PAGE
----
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Boris Johnson Orders Royal Navy To Patrol Jersey Waters Amid Threats Of A French Blockade Over Fishing Rights

Boris Johnson Orders Royal Navy To Patrol Jersey Waters Amid Threats Of A French Blockade Over Fishing Rights

HMS Severn and HMS Tamar arrived off the coast of Jersey on Thursday morning (Alamy)

3 min read

The Prime Minister has pledged his “unwavering support” to Jersey as two Royal Navy vessels are deployed to monitor the ongoing row with France over fishing rights.

HMS Severn and HMS Tamar, which are routinely used for fisheries protection, arrived near Jersey on Thursday morning.

The intervention comes as French fishermen are set to blockade the port of St Helier on the Channel Island to protest new licensing rules which they claim are restricting their rights.

Earlier this week, Maritime Minister Annick Girardin told the French parliament that the government could cut electricity to Jersey as a “retaliatory measure” if the situation was not resolved. 

Jersey, the largest Channel Island and one of the UK’s Crown Dependencies, receives 95% of its electricity through underwater cables originating from France.

Last night, a Downing Street spokesperson said that the Prime Minister had spoken to the chief minister of Jersey, Senator John Le Fondré, and minister of external affairs, Ian Gorst, about the prospect of a blockade in the St Helier Port. 

Boris Johnson reportedly stressed the “urgent need for a de-escalation in tensions” between France and Jersey, as well as a continued need for dialogue. 

He “underlined his unwavering support for Jersey” amid the crisis, describing threats against the island as “unjustified”.

“As a precautionary measure the UK will be sending two offshore patrol vessels to monitor the situation… They agreed the UK and Jersey governments would continue to work closely on this issue,” the spokesperson said. 

The situation was triggered after French fishermen complained of the difficulty in obtaining licenses to operate in Jersey waters, which were required for the first time last week under new post-Brexit fishing agreements. 

Matthew Vimala, deputy director of the organisation of Normandy fishermen, told BBC Radio 4’s Today programme that the licenses contained “special conditions” which had not been previously discussed.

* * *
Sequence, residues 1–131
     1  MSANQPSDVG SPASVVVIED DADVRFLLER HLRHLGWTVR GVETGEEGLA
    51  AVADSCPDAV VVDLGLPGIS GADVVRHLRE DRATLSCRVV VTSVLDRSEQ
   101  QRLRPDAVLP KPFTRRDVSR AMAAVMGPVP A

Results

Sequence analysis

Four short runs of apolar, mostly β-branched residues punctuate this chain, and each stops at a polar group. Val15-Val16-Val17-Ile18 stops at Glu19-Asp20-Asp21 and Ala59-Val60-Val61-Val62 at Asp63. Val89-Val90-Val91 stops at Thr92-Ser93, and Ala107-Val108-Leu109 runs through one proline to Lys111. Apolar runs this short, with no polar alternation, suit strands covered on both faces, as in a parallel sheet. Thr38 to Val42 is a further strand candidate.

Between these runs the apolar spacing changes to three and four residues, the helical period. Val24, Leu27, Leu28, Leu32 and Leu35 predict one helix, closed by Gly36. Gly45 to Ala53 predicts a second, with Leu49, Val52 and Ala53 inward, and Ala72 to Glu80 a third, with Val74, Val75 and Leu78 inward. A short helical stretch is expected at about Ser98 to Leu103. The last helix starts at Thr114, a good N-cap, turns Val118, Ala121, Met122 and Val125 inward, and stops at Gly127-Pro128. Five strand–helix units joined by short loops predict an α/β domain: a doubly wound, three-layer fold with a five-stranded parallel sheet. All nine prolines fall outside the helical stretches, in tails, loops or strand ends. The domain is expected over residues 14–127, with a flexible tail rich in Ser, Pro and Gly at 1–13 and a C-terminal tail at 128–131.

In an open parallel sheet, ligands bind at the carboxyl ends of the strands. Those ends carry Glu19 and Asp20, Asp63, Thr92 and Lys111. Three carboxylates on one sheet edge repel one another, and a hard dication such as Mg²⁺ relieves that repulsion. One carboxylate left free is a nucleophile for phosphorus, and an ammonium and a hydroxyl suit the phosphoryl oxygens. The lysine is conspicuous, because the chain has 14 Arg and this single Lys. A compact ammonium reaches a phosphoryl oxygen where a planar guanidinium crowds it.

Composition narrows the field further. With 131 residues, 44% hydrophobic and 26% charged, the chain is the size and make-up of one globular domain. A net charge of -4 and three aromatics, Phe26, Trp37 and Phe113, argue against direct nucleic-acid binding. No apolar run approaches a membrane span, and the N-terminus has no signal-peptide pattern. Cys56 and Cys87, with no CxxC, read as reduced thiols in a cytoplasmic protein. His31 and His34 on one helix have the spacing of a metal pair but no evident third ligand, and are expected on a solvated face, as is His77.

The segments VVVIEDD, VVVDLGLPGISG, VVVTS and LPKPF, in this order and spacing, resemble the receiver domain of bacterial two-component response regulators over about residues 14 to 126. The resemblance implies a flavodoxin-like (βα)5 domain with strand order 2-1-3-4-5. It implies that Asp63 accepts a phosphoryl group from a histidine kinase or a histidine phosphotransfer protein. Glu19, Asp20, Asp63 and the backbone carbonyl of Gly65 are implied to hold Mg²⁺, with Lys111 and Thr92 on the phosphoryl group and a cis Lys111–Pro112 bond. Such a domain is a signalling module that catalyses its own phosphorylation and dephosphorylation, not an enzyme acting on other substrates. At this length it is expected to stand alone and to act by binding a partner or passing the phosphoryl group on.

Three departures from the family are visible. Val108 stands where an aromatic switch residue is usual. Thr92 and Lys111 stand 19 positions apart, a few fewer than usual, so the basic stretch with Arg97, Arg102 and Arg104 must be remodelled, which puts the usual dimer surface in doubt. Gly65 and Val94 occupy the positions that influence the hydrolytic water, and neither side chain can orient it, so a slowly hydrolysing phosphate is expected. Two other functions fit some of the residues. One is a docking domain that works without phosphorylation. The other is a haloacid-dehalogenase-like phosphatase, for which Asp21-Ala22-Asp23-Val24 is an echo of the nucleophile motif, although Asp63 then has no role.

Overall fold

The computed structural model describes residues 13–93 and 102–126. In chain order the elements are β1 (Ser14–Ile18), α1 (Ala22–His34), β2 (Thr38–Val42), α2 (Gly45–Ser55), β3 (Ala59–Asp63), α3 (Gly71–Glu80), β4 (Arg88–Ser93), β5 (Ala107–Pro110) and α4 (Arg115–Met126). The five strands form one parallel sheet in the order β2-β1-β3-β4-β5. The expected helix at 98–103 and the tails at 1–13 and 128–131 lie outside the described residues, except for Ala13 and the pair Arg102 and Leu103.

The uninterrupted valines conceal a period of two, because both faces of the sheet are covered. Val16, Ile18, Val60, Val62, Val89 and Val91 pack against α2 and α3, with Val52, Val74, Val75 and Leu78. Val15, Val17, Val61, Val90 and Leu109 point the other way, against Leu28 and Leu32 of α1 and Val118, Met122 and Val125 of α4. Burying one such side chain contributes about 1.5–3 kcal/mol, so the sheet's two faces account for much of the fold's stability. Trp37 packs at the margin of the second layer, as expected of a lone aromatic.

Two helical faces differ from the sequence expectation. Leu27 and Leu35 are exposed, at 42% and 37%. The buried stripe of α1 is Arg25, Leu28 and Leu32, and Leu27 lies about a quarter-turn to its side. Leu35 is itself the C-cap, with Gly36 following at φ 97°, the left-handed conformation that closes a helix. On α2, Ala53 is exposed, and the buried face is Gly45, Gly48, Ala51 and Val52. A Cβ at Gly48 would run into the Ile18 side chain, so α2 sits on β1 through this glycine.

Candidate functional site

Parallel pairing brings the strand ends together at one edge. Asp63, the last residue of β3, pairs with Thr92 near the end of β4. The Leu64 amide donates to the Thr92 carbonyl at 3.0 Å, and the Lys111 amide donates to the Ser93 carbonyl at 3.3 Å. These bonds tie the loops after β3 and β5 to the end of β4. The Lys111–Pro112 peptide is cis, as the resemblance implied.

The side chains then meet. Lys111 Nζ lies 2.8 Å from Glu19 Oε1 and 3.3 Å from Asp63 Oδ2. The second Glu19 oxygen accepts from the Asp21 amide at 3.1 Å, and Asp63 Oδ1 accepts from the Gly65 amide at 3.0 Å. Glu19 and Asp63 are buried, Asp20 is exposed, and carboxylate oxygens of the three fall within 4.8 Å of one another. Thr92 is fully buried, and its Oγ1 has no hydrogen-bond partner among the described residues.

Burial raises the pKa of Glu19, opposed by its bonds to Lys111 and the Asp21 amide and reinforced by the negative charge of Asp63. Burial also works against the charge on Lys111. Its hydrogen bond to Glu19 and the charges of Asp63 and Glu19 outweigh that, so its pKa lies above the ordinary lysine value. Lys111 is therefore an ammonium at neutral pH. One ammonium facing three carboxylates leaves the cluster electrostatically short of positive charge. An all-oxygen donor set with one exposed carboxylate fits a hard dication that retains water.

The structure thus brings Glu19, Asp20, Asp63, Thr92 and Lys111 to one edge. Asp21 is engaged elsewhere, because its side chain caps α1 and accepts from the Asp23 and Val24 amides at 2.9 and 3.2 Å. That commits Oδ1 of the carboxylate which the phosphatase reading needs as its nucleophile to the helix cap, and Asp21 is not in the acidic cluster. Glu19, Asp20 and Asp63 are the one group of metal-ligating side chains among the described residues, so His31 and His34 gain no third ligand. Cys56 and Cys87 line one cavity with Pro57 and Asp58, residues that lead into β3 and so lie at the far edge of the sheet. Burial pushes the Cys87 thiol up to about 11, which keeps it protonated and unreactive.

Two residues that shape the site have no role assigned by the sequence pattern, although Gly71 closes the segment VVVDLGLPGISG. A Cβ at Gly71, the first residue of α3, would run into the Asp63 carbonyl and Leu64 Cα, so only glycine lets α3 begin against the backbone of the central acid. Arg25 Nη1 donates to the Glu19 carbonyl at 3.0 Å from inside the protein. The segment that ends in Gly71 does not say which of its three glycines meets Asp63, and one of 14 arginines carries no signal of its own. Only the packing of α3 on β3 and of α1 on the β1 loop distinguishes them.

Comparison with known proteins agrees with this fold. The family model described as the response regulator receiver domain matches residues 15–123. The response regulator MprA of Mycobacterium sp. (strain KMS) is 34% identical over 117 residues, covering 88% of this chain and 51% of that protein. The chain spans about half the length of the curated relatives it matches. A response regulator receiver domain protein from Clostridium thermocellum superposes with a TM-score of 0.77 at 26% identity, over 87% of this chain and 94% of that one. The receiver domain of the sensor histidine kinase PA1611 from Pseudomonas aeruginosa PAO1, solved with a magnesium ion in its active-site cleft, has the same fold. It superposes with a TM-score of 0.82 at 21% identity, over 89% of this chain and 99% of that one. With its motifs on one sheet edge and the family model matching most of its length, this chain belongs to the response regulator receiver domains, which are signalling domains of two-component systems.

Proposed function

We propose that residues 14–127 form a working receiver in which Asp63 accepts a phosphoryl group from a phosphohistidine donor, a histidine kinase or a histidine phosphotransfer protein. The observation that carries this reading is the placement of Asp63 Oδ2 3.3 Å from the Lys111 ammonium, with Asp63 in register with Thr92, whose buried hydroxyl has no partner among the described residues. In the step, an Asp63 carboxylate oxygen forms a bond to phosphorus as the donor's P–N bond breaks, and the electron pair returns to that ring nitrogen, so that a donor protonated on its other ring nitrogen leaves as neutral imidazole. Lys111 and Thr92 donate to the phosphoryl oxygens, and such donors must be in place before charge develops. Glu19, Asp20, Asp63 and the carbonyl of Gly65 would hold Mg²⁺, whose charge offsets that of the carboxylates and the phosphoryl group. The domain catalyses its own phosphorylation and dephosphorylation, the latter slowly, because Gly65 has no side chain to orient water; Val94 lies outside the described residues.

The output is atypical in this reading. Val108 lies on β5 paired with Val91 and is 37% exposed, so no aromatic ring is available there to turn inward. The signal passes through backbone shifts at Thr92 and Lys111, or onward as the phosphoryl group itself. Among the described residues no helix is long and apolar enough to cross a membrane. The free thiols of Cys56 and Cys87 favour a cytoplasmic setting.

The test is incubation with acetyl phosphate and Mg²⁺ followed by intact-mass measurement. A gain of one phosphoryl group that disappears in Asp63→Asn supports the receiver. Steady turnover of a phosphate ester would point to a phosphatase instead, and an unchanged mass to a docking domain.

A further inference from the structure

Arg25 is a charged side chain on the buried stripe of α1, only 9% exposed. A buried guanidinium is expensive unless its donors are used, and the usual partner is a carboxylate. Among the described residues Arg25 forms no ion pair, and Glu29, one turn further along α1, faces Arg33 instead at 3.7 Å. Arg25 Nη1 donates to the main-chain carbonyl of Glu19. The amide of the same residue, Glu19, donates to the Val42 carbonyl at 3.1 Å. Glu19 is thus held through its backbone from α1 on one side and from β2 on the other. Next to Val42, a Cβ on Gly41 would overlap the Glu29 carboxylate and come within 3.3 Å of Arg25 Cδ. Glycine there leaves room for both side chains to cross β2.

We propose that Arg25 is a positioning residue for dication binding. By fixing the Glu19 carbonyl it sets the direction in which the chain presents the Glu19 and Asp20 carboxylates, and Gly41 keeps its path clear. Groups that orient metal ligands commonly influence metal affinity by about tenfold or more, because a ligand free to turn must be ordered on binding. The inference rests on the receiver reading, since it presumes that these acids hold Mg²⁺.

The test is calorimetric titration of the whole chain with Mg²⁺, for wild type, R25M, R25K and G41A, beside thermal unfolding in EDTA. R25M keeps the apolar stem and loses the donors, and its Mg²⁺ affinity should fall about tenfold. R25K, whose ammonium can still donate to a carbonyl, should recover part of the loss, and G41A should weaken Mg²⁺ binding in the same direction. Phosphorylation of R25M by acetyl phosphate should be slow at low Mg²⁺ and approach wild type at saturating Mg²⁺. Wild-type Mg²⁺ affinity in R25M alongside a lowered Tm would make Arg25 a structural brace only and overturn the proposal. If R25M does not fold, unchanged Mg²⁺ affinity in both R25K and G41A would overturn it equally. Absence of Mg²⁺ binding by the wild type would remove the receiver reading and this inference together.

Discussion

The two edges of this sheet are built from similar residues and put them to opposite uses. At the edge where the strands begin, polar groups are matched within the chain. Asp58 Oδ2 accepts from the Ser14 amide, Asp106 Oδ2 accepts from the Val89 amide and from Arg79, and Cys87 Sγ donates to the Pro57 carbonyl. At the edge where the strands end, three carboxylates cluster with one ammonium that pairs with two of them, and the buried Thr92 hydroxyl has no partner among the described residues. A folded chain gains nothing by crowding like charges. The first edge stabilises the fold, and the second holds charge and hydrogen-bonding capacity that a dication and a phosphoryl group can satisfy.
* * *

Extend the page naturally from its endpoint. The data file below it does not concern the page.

He added that many felt “anger” and “astonishment” as the measures, which required fishermen to prove a history of fishing in the area, limited the number of days they could fish, and monitored their location.

“It could kill, I would say, 70% of the French fleet,” he added. 

Normandy MEP Stéphanie Yon-Courtin told the BBC she hoped that the UK government would “de-escalate the tensions”, but said France was "ready for war over the situation".

“Everything seemed to go well, but then surprisingly everything went wrong," she continued. "I fully understand why all the fishermen are upset and astonished, because they don't yet know when, how, or how much they will be able to fish in Channel Island waters.”

But Lord West, a former admiral of the Royal Navy and security minister under Gordon Brown, said that Royal Marine boarding squads could seize control of French vessels if they went ahead with the blockade of St Helier.

“They no doubt have on board Royal Marine boarding parties and we are used to boarding foreign vessels and indeed UK vessels,” he told Times Radio.

“We have done that over many years, if you go back to the Icelandic cod wars, so they will be working very hard to try to defuse any situations.

“But you can’t allow the vessels of another country to blockade one of our ports.

“In the final analysis, if they actually did block it, then we would have to do something to unblock it.”

He added that he hoped "we don't get to that level", and that it was "extraordinary" that the situation had escalated so quickly.

"It’s quite extraordinary to make threats of blockading, of cutting off power supplies, that really is a 19th Century way of behaving rather than a 21st Century way of behaving," he continued.


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